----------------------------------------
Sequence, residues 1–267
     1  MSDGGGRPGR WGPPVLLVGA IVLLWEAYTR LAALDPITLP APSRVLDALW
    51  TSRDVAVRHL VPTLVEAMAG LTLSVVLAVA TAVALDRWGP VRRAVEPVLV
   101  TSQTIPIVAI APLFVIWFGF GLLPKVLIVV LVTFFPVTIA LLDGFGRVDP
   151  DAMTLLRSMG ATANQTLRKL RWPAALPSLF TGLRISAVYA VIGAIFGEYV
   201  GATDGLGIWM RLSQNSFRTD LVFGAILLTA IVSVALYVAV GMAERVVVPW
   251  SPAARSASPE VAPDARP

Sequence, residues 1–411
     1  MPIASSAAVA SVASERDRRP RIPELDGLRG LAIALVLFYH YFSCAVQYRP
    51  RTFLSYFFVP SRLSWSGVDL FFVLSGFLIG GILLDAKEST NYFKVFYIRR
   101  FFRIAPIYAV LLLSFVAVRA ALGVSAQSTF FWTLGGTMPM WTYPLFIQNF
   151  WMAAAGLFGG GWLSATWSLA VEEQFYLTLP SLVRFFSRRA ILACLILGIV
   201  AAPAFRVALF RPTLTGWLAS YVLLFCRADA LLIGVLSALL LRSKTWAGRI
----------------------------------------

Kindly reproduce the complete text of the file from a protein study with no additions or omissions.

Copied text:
Sequence, residues 1–267
     1  MSDGGGRPGR WGPPVLLVGA IVLLWEAYTR LAALDPITLP APSRVLDALW
    51  TSRDVAVRHL VPTLVEAMAG LTLSVVLAVA TAVALDRWGP VRRAVEPVLV
   101  TSQTIPIVAI APLFVIWFGF GLLPKVLIVV LVTFFPVTIA LLDGFGRVDP
   151  DAMTLLRSMG ATANQTLRKL RWPAALPSLF TGLRISAVYA VIGAIFGEYV
   201  GATDGLGIWM RLSQNSFRTD LVFGAILLTA IVSVALYVAV GMAERVVVPW
   251  SPAARSASPE VAPDARP

Sequence, residues 1–411
     1  MPIASSAAVA SVASERDRRP RIPELDGLRG LAIALVLFYH YFSCAVQYRP
    51  RTFLSYFFVP SRLSWSGVDL FFVLSGFLIG GILLDAKEST NYFKVFYIRR
   101  FFRIAPIYAV LLLSFVAVRA ALGVSAQSTF FWTLGGTMPM WTYPLFIQNF
   151  WMAAAGLFGG GWLSATWSLA VEEQFYLTLP SLVRFFSRRA ILACLILGIV
   201  AAPAFRVALF RPTLTGWLAS YVLLFCRADA LLIGVLSALL LRSKTWAGRI